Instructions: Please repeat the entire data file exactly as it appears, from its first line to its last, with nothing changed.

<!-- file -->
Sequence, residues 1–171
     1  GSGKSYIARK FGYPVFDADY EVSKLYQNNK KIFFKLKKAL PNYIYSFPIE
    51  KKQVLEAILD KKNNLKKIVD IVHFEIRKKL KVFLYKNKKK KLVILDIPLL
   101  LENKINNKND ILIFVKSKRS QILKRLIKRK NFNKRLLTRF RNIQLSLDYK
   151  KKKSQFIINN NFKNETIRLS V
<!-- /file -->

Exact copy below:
Sequence, residues 1–171
     1  GSGKSYIARK FGYPVFDADY EVSKLYQNNK KIFFKLKKAL PNYIYSFPIE
    51  KKQVLEAILD KKNNLKKIVD IVHFEIRKKL KVFLYKNKKK KLVILDIPLL
   101  LENKINNKND ILIFVKSKRS QILKRLIKRK NFNKRLLTRF RNIQLSLDYK
   151  KKKSQFIINN NFKNETIRLS V